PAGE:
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Machine Learning for Photo-Z

Machine Learning for photo-Z (MLZ) is a parallel Python framework that computes fast and robust photometric redshift probability density functions (PDFs) using Machine Learning algorithms. In particular, it uses a supervised technique with prediction trees and random forest through Trees for Photo-Z (TPZ) or a unsupervised method with self organizing maps and random atlas through Self-Organizing Maps for Photo-Z (SOMz). It can be easily extended to other regression or classification problems. For more information, refer to the Laboratory for Cosmological Data Mining website (lcdm.astro.illinois.edu) at the University of Illinois at Urbana-Champaign.

MLZ is a parallel, Python-based code and can be easily integrated into existing Python-based projects. While other techniques provide only a single estimate, our approach provides a full probability for each source. This probability can be used in a subsequent analysis to improve or enhance a particular cosmological measurement analysis.

Round 1

TPZ

Trees for Photo-Z (TPZ) is a supervised machine learning, parallel algorithm that uses prediction trees and random forest techniques to produce both robust photometric redshift PDFs and ancillary information for a galaxy sample. A prediction tree is built by asking a sequence of questions that recursively split the input data taken from the spectroscopic sample, frequently into two branches, until a terminal leaf is created that meets a stopping criterion (e.g., a minimum leaf size or a variance threshold). The dimension in which the data is divided is chosen to be the one with highest information gain among the random subsample of dimensions obtained at every point. This process produces less correlated trees and allows to explore several configurations within the data. The small region bounding the data in the terminal leaf node represents a specific subsample of the entire data with similar properties. Within this leaf, a model is applied that provides a fairly comprehensible prediction, especially in situations where many variables may exist that interact in a nonlinear manner as is often the case with photo-z estimation.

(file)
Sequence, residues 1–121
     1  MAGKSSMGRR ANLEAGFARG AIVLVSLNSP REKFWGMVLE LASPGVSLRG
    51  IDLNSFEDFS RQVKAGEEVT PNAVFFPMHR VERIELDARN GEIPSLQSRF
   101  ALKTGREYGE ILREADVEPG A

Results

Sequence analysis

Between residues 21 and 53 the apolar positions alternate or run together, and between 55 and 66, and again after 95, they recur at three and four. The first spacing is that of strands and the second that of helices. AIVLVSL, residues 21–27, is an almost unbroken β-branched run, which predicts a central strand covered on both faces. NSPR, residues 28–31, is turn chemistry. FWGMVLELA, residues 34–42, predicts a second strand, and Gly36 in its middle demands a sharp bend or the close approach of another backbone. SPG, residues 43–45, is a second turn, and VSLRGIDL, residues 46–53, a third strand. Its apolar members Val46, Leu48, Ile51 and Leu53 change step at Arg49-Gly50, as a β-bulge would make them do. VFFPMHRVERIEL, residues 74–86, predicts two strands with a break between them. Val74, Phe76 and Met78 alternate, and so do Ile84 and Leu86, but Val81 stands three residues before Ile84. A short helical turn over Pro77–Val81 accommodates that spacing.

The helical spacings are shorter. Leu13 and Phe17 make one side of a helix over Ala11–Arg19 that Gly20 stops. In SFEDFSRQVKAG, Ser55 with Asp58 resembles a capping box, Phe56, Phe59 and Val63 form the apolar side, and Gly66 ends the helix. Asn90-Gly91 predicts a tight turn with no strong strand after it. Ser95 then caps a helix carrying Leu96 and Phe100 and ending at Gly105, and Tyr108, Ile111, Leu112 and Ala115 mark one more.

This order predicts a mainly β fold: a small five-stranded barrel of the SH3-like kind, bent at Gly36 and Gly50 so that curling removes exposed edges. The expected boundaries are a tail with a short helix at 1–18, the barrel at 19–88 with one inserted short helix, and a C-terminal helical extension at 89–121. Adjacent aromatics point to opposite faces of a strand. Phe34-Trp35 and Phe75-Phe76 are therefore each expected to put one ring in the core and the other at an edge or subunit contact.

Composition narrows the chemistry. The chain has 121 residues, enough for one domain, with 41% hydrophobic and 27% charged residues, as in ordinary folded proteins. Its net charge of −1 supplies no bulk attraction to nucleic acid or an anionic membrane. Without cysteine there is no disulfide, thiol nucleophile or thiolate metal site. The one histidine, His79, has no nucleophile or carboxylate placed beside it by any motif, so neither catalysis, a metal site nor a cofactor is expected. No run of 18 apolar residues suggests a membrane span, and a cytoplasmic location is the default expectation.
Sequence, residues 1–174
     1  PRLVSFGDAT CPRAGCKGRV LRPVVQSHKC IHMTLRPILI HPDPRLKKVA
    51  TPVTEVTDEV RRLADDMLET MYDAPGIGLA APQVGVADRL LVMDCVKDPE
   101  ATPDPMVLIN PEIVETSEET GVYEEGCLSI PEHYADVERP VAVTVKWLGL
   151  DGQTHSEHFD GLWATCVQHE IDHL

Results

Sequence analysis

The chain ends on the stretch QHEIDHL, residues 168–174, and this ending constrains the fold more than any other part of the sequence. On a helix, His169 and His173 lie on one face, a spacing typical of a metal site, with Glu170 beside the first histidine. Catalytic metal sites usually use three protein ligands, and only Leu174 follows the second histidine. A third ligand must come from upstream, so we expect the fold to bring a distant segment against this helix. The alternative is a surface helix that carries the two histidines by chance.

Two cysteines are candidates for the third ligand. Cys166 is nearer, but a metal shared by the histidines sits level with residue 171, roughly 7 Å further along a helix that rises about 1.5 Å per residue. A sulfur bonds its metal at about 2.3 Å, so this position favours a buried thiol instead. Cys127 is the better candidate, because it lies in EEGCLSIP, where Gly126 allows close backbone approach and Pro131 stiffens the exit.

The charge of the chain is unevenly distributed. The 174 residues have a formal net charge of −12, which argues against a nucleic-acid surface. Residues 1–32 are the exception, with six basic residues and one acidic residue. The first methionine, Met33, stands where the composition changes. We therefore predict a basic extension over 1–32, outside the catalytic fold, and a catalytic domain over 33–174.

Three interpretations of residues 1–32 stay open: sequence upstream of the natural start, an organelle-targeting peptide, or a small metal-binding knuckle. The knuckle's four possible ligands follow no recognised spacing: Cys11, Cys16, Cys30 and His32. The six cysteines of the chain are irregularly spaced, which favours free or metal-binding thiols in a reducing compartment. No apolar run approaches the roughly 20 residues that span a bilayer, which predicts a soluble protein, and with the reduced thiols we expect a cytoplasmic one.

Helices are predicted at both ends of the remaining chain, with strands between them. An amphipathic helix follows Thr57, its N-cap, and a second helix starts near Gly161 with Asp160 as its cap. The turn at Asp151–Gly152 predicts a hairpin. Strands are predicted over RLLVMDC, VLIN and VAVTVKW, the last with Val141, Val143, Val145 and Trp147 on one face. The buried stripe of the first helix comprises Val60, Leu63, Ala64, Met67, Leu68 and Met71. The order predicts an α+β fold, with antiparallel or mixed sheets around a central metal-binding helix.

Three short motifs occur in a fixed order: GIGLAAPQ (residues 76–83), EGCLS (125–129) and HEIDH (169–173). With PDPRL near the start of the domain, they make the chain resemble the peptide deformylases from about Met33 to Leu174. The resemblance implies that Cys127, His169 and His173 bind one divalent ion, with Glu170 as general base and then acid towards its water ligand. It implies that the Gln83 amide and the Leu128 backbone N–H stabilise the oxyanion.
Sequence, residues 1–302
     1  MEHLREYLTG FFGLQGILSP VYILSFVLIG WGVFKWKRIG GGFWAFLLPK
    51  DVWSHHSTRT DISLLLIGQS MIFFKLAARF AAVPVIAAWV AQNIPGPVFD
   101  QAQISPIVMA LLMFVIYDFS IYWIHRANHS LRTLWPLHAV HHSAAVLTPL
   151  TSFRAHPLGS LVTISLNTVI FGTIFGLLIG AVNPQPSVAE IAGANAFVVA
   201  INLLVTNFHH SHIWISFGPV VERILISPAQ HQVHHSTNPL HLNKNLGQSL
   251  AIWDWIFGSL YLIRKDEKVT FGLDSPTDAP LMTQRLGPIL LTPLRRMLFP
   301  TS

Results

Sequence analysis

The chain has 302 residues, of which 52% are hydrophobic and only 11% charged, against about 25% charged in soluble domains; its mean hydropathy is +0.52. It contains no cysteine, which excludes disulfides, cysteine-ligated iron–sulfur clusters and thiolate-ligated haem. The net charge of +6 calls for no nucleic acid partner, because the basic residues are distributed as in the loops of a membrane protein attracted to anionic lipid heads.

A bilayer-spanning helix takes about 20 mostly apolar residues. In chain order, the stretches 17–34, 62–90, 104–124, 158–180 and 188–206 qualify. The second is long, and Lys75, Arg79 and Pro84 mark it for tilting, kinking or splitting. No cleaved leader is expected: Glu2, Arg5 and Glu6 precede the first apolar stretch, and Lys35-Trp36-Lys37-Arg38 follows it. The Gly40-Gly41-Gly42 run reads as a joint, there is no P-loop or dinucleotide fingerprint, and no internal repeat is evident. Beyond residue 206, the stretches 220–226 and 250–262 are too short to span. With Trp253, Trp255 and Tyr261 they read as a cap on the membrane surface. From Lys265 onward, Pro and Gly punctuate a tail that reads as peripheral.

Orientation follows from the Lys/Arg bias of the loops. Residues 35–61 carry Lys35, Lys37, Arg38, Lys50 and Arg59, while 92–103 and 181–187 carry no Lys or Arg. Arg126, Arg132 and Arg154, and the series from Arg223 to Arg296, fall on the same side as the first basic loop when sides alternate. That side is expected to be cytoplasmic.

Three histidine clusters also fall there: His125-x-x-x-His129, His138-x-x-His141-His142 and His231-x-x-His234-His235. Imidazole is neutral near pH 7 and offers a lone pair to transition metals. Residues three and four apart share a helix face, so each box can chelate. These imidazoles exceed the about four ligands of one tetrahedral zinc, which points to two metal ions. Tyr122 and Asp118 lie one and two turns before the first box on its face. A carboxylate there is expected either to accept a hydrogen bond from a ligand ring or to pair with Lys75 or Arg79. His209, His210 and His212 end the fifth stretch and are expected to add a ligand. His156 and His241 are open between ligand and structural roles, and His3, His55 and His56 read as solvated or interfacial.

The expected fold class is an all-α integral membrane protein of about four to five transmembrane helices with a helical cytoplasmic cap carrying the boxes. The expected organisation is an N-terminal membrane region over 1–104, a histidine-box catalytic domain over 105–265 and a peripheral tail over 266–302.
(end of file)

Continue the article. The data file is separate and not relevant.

File

Download tpz_r1.tar.gz to see the result of running our TPZ code on the provided test_sgchallenge_r1.fits file. It is a compressed ASCII file with RA, DEC, and probabilistic separator values ranging from 0 (galaxies) to 1 (stars).

Details

In this initial test, we illustrate the capabilities of TPZ by using the following set of attributes:

  • mag_model in g, r, i, z, y bands
  • mag_psf in g, r, i, z, y bands

and their respective errors. For training, we require that mag_model and mag_psf be less than 99. We build a total of 500 trees by using 10 random realizations of 4 random attributes, each with 50 trees. The 500 trees vote to create a probabilistic classfication—if 480 trees vote galaxy and the remaining 20 vote star, we have a galaxy at 96% probability.

At a 50% probability cut, 66,361 sources are classified as galaxies out of 68,700 sources, where the completeness (galaxy classified as galaxy) is 99.9% and the purity (1 minus contamination) is 95.5%. In the figure below, we show the completeness as a function of magnitude in i band at 50% probability cut.

At a 96% probability cut, we retain 63,807 galaxies, with 97.9% completeness and 97.3% purity. The figure below shows the completeness as a function of magnitude at 96% probability cut.

We also plot the True Positive Rate (galaxy classified as galaxy) vs. False Positive Rate (star classified as galaxy) Receiver Operating Characteristic (ROC) curve. The area under the curve is 0.93.

SOMz

Self-Organizing Maps for Photo-Z (SOMz) is an unsupervised machine learning technique that also computes photometric redshift PDFs. Specifically, we have developed a new framework that we have named random atlas, which mimics the random forest approach by replacing the prediction trees with self-organizing maps (SOMs). A SOM is essentially a neural network that maps a large training set via a process of competitive learning from a high dimensional input space to a two-dimensional surface. The mapping process retains the topology of the input data, thereby revealing potential unknown correlations between input parameters, which can provide important insights into the data.